Recently BBC.com published this interesting article on leadership - Is this the secret of smart leadership? The article argues that humility is the secret to leadership by first quoting Socrates and his famous observation that the wisest people are the first to admit how little they really know.
Good to Great by Jim Collins makes a similar point: the CEOs of great companies are Level 5 leaders. They are humble, but driven to do what's best for the company. I must confess that when I read Good to Great it appeared to me that the examples of the great, humble leaders were more likely to be founders who owned so much of the equity they could afford to be humble. The “good” CEOs who were they were matched against had climbed to the top of the power structure using assertive and Machiavellian leadership.
The article made one very telling point: the author believes the current political leader who most exhibits humility is Angela Merkel, Chancellor of Germany since 2005. The article also noted that Merkel prior to becoming a politician was a trained scientist; she was a quantum chemist. Scientific thinking—her deliberate probing of each new bit of information, her cautious consultation with experts—remains integral to Merkel’s daily decision-making process and her political persona. She is undoubtedly aware that her measured, modest handling of Germany’s affairs is at least partially why she has, for almost 15 years now, enjoyed the support of a country whose historical reverence for scientific achievement and great minds (think Kant, Einstein, innumerable others) is forever balanced by an acute wariness of charismatic leaders with big ideas (think Hitler).
As someone who was personally trained as a scientist at Cambridge I can only agree. One of the great myths perpetuated by people who lack scientific training is that the “science” proves something. The opposite is the case. What good science does is disprove commonly held beliefs and forces you to come up with an alternative hypothesis. All the time you are adopting the Socrates mindset. You are a sceptic; you realise you know little and begin by doubting everything.
A good example of this is the famous example of Galileo looking through the telescope and observing the moons of Jupiter rotating around it. With this observation Galileo did not prove the earth and other planets rotate around the sun. What Galileo did was disprove the Ptolemaic (and Catholic Church) view that all heavenly bodies rotated around the earth. Subsequently Galileo did accept the Copernican hypothesis that the planets rotated around the Sun as the next best hypothesis but that was not his discovery.
This misguided view about science is commonly held particularly by politicians who are mostly trained as lawyers. Take as an example this recent article by Adam Creighton in the 24 June 2020 edition of the Australian: Malcolm Turnbull urges Coalition to back ‘green new deal’ on energy. In this article flanked by former UK Prime Minster, David Cameron, Turnbull states that saying you don’t believe in climate change is like saying you don’t believe in gravity. The stupidity in this statement defies belief. The greatest scientist of the 20th century, Albert Einstein, only developed his theories of Special and General Relativity because he expressly began to doubt Newton’s Law of Gravity.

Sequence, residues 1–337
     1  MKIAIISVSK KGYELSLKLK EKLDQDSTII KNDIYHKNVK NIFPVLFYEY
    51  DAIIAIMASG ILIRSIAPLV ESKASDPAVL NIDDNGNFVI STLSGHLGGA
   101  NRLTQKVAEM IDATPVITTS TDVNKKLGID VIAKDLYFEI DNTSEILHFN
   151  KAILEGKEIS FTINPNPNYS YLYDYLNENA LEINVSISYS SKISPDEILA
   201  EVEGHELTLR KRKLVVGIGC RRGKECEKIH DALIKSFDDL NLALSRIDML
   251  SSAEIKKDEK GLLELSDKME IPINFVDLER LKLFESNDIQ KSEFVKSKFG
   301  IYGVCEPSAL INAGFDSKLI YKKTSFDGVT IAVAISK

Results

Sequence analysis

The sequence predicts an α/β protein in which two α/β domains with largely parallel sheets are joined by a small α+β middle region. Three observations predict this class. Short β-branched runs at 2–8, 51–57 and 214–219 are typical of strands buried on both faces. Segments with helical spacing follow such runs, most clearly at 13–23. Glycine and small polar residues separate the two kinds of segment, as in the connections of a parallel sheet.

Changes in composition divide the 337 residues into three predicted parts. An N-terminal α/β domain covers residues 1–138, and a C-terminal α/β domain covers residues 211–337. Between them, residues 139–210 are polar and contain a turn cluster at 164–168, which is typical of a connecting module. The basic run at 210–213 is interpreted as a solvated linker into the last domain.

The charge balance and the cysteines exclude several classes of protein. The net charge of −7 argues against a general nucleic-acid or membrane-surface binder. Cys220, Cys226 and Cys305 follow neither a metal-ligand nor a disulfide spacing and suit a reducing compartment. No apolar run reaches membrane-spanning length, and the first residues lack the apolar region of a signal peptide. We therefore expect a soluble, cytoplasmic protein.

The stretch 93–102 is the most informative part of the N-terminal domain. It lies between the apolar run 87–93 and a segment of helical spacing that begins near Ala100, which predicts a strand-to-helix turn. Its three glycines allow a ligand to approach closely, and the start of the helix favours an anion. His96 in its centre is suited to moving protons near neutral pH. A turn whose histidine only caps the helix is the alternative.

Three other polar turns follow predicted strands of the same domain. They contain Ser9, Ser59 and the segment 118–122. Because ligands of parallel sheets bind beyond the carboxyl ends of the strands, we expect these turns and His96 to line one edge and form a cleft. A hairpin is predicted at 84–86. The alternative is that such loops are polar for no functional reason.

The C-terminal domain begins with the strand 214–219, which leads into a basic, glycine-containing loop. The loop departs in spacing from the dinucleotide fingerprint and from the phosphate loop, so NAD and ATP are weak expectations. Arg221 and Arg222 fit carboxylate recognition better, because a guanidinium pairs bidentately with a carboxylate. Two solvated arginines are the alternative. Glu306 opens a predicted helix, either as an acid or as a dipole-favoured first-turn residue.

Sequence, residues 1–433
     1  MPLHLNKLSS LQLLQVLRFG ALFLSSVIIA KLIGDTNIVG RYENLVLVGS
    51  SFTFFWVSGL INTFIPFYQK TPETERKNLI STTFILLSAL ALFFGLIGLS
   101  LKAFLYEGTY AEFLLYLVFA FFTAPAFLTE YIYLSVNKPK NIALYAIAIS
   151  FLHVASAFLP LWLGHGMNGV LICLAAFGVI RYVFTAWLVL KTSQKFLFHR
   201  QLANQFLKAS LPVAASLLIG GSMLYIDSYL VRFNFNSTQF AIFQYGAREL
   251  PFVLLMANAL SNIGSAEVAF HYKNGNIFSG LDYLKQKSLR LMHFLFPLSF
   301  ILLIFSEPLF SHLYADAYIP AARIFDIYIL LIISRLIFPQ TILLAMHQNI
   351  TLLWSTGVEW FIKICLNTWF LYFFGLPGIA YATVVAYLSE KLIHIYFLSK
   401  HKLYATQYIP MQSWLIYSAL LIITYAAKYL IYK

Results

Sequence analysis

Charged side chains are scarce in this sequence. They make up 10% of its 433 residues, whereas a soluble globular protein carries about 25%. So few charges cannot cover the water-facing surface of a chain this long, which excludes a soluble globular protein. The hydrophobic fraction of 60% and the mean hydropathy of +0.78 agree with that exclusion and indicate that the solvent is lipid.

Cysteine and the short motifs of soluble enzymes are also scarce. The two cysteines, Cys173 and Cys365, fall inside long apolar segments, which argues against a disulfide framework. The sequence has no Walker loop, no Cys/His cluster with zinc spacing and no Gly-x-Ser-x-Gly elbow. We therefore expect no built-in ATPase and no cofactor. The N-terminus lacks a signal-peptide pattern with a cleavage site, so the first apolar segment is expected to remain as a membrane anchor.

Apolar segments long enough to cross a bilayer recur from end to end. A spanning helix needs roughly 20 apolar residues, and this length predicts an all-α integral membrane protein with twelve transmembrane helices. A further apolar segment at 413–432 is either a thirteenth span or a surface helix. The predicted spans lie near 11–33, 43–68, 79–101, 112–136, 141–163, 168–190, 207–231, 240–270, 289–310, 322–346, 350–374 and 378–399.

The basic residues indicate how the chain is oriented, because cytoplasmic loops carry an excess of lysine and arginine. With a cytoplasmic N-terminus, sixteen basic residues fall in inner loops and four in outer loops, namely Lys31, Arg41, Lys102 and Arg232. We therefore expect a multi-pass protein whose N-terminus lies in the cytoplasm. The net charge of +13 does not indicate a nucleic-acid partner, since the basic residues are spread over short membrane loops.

The other outrageous claim in the article is by David Cameron who stated that British conservatives had a “much better inheritance”, given former prime minister Margaret Thatcher’s support for initiatives to reduce global warming in the 1980s. There is no question Mrs Thatcher was the first world leader to voice alarm over global warming, back in 1988. She backed the setting up of the UN’s Intergovernmental Panel on Climate Change (IPCC) in 1988, and promised the Met Office lavish funding for its Hadley Centre, which she opened in 1990, as a world authority on “human-induced climate change”. It is not widely appreciated, however, that there was a dramatic twist to her story. In 2003, towards the end of her last book, Statecraft, in a passage headed “Hot Air and Global Warming”, she issued what amounts to an almost complete recantation of her earlier views.
She voiced precisely the fundamental doubts about the warming scare that have since become familiar to us. Pouring scorn on the “doomsters”, she questioned the main scientific assumptions used to drive the scare, from the conviction that the chief force shaping world climate is CO2, rather than natural factors such as solar activity, to exaggerated claims about rising sea levels. She mocked Al Gore and the futility of “costly and economically damaging” schemes to reduce CO2 emissions. She cited the 2.5C rise in temperatures during the Medieval Warm Period as having had almost entirely beneficial effects. She pointed out that the dangers of a world getting colder are far worse than those of a CO2-enriched world growing warmer. She recognised how distortions of the science had been used to mask an anti-capitalist, Left-wing political agenda which posed a serious threat to the progress and prosperity of mankind.
In other words, long before it became fashionable, Lady Thatcher was converted to the view of those who, on both scientific and political grounds, are profoundly sceptical of the climate change ideology. Alas, what she set in train earlier continues to exercise its baleful influence to this day. But the fact that she became one of the first and most prominent of “climate sceptics” has been almost entirely buried from view. (See Was Margaret Thatcher The First Climate Sceptic? 08/10/19, Christopher Booker, The Daily Telegraph).
I confess that conflating an article about humility in leadership with Malcolm Turnbull is somewhat ironic but I cannot let the scientific and historical inaccuracies made by Turnbull and Cameron pass without comment.
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